Just the Facts

Five Facts on the History of Impeachment

By Emma Petasis
May 29, 2019 | Blog

Impeachment is the first of several steps taken to remove a government official from office. Although infrequently used, it has occurred several times in the history of the United States. Here are the facts. 

1. The process of impeachment does not necessarily lead to removal from office. 

Impeachment is the constitutional process that empowers a legislative body to level charges against a government official. Impeachment is a statement of charges, similar to an indictment in criminal law, and does not automatically mean removal from office. Impeachment begins with a vote in the House of Representatives on whether a government official, such as the president, has committed an impeachable offense. The Constitution identifies these offenses as treason, bribery and other high crimes and misdemeanors – which gives flexibility to investigate various offenses.[1]If the majority of the House votes in favor of impeachment, the trial will go to the Senate and a two-thirds majority is needed to remove the president or public official from office.[2]

2. President Andrew Johnson was the first president in a U.S. impeachment trial.

President Andrew Johnson succeeded Abraham Lincoln after his death, but he was eventually impeached. He was consistently at odds with Congress most notably over his leniency to Confederate state and willingness to allow them to pass laws that prohibited freed blacks from voting. But the specific act that led to his impeachment was his attempt to   replace the sitting Secretary of War Edwin Stanton. After this act, Congress alleged President Johnson had violated the Tenure of Office Act by replacing a federal appointee without consultation from Congress. Producing 11 articles of impeachment, the Supreme Court voted and determined this act was unconstitutional, but only after he finished his term.[3]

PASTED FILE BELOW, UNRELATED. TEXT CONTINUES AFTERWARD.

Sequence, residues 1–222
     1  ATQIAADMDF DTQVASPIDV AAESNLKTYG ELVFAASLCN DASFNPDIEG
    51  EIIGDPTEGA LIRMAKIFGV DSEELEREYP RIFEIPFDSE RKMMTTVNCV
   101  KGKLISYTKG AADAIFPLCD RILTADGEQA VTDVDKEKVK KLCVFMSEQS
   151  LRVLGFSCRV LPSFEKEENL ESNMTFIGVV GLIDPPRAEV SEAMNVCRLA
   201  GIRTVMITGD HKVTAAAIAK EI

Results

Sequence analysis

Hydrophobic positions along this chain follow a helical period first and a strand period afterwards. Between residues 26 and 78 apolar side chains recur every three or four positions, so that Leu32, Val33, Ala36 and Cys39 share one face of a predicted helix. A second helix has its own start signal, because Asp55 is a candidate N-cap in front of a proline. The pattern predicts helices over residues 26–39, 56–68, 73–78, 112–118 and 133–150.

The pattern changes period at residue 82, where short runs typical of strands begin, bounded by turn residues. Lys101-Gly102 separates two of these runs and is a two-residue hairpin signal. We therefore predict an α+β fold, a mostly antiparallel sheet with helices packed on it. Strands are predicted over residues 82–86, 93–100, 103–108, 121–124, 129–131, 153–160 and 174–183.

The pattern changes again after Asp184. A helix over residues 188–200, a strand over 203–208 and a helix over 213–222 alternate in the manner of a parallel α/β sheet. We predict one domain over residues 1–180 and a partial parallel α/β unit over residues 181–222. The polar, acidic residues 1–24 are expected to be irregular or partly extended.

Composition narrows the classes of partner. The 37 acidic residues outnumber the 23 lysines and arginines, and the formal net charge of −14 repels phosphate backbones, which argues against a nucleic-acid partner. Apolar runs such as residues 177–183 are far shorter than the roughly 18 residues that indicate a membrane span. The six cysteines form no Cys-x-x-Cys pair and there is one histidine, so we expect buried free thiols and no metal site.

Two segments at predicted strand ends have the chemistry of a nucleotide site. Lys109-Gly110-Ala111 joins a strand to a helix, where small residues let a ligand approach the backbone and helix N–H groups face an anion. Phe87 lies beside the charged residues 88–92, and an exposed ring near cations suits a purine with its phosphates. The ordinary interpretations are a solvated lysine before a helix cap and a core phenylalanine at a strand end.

3. Richard Nixon resigned before Congress could begin impeachment proceedings.  

The Watergate scandal was what led to articles of impeachment and ultimately the resignation of President Nixon. The FBI determined that aides to President Nixon were responsible for breaking into the Democratic National Committee headquarters in the Watergate complex. Tape recordings and testimony later revealed Nixon tried to cover up these crimes. After the White House ignored multiple Congressional subpoenas, the House Judiciary Committee approved three impeachment articles against Nixon. Nixon would resign the following month and Vice President Gerald Ford would become president.[4]

4. President Bill Clinton was found not guilty on both articles of impeachment.

President Clinton was the second president in American history to be impeached and finished his term, following Andrew Johnson. The House charged President Clinton with lying under oath to a federal grand jury about his affair with White House intern Monica Lewinsky and obstructing justice. Initially denying the allegations, Clinton later admitted to the extramarital affair. After the House impeached Clinton, the Senate failed to garner the majority needed for prosecution and the President was found not guilty.[5]

5. Many other presidents have faced impeachment threats.

Congress has not moved to impeach any other sitting president, but President Obama, George H.W. Bush, Ronald Reagan, Harry Truman and Herbert Hoover are among the many presidents who were threatened with impeachment during their terms. Calls for impeaching President Trump have centered on the allegation that he obstructed and impeded justice during the investigation of Russian interference in the 2016 presidential election. Although some Democratic members of Congress – and one Republican, Justin Amash – have called for President Trump’s impeachment, Democratic congressional leadership has been reluctant to pursue the proceedings.[6]







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